The bond between pitcher and catcher forms the building-block particle of baseball. These two positions initiate every play of the game with an exchange of wordless, almost telepathic signals and can pause the action on a whim for a close-talking heart-to-heart on the mound. It's no surprise they're the earliest to arrive every spring, with their own little space carved out to get ready for the season.
Also, together they are referred to as the "battery," which can be a place to set up large cannons or a way to store energy. Either way: powerful and important.
It's hard to know how much a good pitcher-catcher relationship makes a difference in the win column. There have been plenty of efforts to parse "catcher ERA" and account for the ways in which good game-calling brings out the strengths in a pitcher. But there's no doubt the pitcher-catcher dyad is greater than the sum of its parts. A pitcher and catcher, both good in their own right, have to work in harmony to be great, while the catcher is often the first line of counsel to a rattled pitcher.
For the Reds, there's a wealth of experience among the two backstops who will be sharing duties with the big league club - even if it's not all at the major league level. Ryan Hanigan is the second-longest tenured Red, having played in 10 seasons as a member of the organization and likely has something to talk about with most anyone in camp. He joined Louisville for one game in 2003, on a team whose catching duo was current bullpen catcher Mike Stefanski and current Crash Davisy, all-around dude Corky Miller. He goes back to 2006 with Homer Bailey and since 2008 has caught virtually every likely pitcher to break camp with the team (besides Latos, Madson and Marshall) at some point with the Bats or Reds.
Devin Mesoraco, while he only made 13 major league starts in 2011, is in his sixth pro season. He's been marinating in the organization since he was a teenager. He hasn't caught the Reds' starters very much, if at all, though he has caught a fair amount of Aroldis Chapman. Pitches will break harder and come in faster in the bigs, but they'll also be more on target than in the minors. The real test for Devin will be working with the pitching staff to outfox major league talent - hitters and baserunners alike. No small task.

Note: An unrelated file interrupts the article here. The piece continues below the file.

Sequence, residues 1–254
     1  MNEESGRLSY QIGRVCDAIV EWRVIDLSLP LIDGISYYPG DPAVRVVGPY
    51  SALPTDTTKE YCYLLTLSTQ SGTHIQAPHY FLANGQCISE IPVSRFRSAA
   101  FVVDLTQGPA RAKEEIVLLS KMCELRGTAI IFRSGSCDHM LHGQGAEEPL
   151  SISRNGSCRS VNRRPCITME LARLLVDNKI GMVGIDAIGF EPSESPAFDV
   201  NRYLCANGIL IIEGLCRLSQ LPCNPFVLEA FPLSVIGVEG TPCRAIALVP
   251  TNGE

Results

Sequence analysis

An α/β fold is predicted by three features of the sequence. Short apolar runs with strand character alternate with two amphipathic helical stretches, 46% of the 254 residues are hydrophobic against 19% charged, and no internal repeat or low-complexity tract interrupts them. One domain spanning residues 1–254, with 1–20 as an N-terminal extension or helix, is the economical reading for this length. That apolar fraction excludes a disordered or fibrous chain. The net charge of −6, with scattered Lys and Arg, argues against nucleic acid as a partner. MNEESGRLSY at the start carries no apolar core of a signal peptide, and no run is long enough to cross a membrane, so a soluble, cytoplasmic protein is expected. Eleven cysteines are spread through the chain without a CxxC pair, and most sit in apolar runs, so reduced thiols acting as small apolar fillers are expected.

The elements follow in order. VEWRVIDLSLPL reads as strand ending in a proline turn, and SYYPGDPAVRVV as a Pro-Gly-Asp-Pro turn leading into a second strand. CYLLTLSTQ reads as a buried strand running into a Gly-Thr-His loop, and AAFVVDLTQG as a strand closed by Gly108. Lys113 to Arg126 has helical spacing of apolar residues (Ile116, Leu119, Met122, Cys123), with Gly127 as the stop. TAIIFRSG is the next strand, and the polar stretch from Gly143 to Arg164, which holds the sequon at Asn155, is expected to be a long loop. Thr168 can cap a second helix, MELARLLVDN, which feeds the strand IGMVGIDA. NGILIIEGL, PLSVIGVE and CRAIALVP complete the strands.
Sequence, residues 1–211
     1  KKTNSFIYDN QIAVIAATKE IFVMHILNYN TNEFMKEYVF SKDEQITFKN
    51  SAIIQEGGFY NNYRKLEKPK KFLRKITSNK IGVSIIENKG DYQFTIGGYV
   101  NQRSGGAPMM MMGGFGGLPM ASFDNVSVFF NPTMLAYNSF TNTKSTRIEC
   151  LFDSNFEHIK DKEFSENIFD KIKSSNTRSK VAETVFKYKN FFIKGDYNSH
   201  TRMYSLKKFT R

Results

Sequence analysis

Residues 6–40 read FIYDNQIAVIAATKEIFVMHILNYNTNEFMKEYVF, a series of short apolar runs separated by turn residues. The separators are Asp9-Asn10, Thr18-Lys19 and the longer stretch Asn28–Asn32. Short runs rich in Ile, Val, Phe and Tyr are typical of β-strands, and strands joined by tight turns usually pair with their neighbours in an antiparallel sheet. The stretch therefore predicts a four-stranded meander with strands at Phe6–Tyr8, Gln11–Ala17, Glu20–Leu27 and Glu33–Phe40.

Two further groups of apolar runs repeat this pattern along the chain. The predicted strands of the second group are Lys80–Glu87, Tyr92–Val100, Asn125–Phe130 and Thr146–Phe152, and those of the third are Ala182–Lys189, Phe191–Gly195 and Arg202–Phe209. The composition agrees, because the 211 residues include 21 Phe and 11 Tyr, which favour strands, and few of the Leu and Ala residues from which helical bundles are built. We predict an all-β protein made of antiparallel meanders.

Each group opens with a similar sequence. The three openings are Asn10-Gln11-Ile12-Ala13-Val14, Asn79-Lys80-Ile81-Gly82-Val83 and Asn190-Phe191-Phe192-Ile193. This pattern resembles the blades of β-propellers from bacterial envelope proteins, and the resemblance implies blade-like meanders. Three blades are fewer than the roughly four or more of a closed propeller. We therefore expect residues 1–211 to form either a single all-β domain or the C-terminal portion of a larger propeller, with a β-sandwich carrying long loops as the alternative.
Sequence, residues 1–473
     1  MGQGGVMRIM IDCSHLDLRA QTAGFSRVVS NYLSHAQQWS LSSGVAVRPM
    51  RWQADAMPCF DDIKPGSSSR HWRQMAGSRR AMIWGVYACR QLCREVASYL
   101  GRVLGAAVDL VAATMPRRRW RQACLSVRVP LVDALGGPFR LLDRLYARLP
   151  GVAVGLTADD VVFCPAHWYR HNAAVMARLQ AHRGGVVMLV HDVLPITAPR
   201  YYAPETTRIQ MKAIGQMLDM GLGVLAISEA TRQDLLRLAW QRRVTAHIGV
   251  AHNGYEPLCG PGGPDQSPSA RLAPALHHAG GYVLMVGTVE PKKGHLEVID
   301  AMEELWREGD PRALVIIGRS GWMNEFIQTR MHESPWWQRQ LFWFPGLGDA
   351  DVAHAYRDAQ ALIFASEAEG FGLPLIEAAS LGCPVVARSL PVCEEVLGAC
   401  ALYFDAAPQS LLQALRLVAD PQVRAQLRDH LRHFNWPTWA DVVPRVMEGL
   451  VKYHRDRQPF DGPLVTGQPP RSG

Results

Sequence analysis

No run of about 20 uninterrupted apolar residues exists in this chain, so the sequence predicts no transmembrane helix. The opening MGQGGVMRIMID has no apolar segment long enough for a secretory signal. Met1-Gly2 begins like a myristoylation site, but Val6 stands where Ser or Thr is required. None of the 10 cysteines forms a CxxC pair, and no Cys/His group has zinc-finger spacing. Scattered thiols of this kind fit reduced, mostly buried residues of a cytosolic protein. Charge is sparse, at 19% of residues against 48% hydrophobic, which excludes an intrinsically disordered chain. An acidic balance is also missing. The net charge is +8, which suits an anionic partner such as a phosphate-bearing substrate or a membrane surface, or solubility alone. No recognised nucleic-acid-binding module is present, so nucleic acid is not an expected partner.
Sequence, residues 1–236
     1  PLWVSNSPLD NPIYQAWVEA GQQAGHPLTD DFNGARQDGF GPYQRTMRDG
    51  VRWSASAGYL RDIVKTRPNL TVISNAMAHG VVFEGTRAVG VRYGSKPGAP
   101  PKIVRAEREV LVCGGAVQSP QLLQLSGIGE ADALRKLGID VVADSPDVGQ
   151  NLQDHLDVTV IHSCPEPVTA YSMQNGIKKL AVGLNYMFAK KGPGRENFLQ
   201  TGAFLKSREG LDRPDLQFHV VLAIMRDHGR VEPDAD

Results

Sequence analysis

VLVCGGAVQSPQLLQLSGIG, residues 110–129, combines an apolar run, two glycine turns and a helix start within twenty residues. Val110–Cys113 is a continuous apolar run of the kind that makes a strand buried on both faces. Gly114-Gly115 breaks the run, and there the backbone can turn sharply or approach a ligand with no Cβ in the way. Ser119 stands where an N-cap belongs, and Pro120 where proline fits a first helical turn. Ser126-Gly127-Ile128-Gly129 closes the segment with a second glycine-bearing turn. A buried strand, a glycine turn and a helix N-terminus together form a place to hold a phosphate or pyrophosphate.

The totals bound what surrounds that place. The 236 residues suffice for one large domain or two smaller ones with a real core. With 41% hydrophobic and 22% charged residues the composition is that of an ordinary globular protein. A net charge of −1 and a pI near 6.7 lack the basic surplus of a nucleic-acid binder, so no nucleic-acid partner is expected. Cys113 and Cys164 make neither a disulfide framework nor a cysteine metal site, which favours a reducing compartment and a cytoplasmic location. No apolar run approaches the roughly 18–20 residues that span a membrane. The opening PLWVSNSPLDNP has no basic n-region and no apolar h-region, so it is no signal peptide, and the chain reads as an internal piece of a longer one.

Along with Arroyo, Bailey and Cueto, there are quite a few company men among the starters and catchers. The main thing, then, will be for everyone to figure out Latos, Madson and Marshall. And for Dusty not to rely too much on either the seniority or buddy system when picking out catchers. Hanigan and Mesoraco could be catching this staff for at least a few more seasons to come, with either of them becoming the starter at intervals, so everybody should know how to get along with everybody else. This is starting to sound like a cult, which it kind of is.
In any case, here are some catcher and pitcher combinations in honor of Pitcher and Catcher Report Day:
Most talented pairing:
Mat Latos & Devin Mesoraco: He finished in the Top 10 in Cy Young voting in 2010, while he is a Top 10 prospect and the best young talent in the Reds' system.
Most combined experience:
Bronson Arroyo (professional since 1995, almost 10 years of MLB service time) & Corky Miller (12 years of minor league service, appearances in 10 major league seasons)
Most innings together:
I'd like to say it was Corky and someone else, but I don't think that's true. Arroyo and Hanigan have appeared in 548.1 innings together.
Least likely to happen in a 2012 major league game:
Brian Esposito &Nick Christiani
Slightly more likely:
Wilson Valdez (threw four different pitches and hit 88 on the gun vs. the Reds last season) & Corky Miller
Can technically call themselves professional pitchers and/or catchers:
Paul Janish, Wilson Valdez, Joey Votto, Neftali Soto
I think it depends on where you land on Homer Bailey's resemblance to a better-fed version Christian Bale in the Machinist, though Sean Marshall has an Athletic Gary Sinise appeal. Thoughts?